Describe the negative social impacts (NSIs) and their predictors in an HIV vaccine efficacy trial.
Volunteers in the North American phase 3 trial of AIDSVAX B/B vaccine were questioned semiannually about NSIs. Multivariable logistic models identified independent predictors of NSI reporting.
Of 5417 volunteers (94% male), 18% reported at least 1 NSI. Most events occurred early during trial participation and involved concerns by family and friends that the volunteer was HIV-infected or at risk for infection. Problems with disability/life insurance and employment occurred less frequently (<1%). Individuals who became HIV-infected reported NSIs similar to HIV-negative volunteers. In multipredictor analysis of male volunteers, NSI reporters were younger (adjusted odds ratio [ORAdj] = 1.6, 95% confidence interval [CI]: 1.2 to 2.1 and ORAdj = 1.4, 95% CI: 1.1 to 1.8 for ages 18 to 25 years and 26 to 35 years vs. ≥46 years, respectively), enrolled at sites with 50 or fewer volunteers (ORAdj = 2.3, 95% CI: 1.7 to 3.1), or lived in cities with high AIDS case rates (ORAdj = 1.4, 95% CI: 1.1 to 1.8).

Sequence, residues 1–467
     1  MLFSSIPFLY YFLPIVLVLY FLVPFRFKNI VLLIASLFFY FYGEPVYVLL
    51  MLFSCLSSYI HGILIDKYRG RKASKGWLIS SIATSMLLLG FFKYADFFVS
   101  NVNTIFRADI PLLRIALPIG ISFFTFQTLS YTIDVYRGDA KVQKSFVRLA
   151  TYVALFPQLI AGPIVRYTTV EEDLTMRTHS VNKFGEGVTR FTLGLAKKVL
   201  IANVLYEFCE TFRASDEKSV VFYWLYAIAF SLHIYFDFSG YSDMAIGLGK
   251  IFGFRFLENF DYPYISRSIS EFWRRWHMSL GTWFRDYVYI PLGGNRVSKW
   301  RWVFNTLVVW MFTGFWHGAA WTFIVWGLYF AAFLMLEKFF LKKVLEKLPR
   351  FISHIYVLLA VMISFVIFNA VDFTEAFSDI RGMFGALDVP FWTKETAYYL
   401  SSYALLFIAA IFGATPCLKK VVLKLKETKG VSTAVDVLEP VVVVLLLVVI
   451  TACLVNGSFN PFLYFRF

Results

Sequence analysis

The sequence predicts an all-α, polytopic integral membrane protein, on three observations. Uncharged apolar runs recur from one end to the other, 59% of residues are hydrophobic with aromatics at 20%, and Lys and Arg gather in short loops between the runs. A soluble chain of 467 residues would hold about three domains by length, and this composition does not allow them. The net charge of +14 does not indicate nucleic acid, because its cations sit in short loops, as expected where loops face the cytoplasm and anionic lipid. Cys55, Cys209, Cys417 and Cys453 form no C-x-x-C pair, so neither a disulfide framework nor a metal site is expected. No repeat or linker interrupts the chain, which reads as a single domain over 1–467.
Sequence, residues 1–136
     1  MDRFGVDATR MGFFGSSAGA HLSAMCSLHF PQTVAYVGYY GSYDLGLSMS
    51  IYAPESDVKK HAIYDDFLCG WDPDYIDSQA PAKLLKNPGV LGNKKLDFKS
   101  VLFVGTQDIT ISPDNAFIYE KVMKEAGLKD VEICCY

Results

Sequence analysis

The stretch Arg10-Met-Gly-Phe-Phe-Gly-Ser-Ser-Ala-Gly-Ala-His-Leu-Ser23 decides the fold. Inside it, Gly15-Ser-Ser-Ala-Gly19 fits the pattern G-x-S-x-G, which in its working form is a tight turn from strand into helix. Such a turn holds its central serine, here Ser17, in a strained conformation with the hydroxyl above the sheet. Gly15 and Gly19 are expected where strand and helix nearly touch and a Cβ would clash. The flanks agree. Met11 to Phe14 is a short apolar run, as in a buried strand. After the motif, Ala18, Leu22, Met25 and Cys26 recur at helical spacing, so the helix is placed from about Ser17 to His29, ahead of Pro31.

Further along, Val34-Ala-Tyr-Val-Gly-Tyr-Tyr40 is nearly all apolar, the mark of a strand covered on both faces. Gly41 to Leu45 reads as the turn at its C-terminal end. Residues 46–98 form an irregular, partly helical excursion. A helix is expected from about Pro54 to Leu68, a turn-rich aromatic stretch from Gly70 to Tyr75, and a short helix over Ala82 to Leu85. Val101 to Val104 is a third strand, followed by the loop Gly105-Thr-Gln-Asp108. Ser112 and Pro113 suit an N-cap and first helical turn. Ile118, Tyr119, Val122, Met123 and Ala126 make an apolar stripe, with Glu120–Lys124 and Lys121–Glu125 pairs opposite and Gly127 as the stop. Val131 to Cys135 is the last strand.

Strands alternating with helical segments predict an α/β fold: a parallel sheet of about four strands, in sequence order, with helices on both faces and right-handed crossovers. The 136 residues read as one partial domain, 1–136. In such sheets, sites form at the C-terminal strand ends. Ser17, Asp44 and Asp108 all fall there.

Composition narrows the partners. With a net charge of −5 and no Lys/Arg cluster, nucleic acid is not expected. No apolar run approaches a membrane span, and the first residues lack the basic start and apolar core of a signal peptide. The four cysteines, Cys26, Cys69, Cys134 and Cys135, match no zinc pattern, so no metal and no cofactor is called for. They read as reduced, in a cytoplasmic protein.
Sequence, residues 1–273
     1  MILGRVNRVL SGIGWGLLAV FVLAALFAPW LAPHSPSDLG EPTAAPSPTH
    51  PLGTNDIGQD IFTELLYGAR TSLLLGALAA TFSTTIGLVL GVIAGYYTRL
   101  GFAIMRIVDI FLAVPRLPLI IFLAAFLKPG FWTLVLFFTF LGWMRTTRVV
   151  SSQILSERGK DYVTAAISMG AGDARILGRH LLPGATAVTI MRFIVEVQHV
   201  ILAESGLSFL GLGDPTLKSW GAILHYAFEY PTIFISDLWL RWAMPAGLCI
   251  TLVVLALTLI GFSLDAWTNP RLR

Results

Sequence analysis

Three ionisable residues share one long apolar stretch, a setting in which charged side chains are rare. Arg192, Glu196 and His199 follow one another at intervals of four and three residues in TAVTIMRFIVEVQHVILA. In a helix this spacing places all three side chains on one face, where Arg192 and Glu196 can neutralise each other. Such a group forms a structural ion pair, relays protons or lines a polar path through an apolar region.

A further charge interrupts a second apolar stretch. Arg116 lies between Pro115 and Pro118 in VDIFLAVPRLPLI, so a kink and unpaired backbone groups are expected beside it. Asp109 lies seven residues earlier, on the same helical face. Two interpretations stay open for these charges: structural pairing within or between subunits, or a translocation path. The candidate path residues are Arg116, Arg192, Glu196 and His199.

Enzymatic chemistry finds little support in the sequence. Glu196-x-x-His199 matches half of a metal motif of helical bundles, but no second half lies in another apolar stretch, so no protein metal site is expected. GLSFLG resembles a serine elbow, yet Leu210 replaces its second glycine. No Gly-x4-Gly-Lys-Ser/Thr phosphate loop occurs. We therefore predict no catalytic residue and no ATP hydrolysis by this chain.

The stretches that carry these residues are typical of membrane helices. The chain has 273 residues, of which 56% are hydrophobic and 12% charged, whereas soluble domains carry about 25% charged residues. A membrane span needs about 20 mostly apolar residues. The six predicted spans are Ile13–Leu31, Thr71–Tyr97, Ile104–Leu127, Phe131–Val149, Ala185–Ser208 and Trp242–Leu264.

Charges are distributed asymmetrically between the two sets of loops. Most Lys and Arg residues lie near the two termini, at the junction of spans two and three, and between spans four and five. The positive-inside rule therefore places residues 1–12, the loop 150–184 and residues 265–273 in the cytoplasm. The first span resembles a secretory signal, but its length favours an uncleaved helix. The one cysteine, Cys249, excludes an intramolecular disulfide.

A modest proportion of vaccine efficacy trial volunteers reported problems in interpersonal relationships from trial participation. Serious harms involving insurance and employment were rare. Strategies to prevent harm from disclosure, particularly for younger volunteers and those from high seroincidence sites, may reduce NSIs in future trials.
From the *AIDS Office, San Francisco Department of Public Health, San Francisco, CA; †Department of Medicine, ‡Department of Epidemiology and Biostatistics, University of California, San Francisco, San Francisco, CA; §Northrop Grumman Information Technology, Centers for Disease Control and Prevention Information Technology Support, Atlanta, GA; ∥Centers for Disease Control and Prevention, Atlanta, GA; and ¶VaxGen, Inc., Brisbane, CA.
Received for publication April 9, 2007; accepted July 24, 2007.
An earlier analysis of these data was presented at the XV International AIDS Conference, Bangkok, Thailand, July 11-16, 2004, and at the Joint World Health Organization-United Nations Program on HIV/AIDS Consultation on Gender, Age, and Race Factors in HIV Vaccine-Related Research and Clinical Trials, Lausanne, Switzerland, August 26-28, 2004.
Supported by the Centers for Disease Control and Prevention through contract 200-1999-00129.
The findings and conclusions in this paper are those of the authors and do not necessarily represent the views of the Centers for Disease Control and Prevention.
Correspondence to: Jonathan Fuchs, MD, MPH, 25 Van Ness Avenue, Suite 500, San Francisco, CA 94102-6033 (e-mail: email@example.com).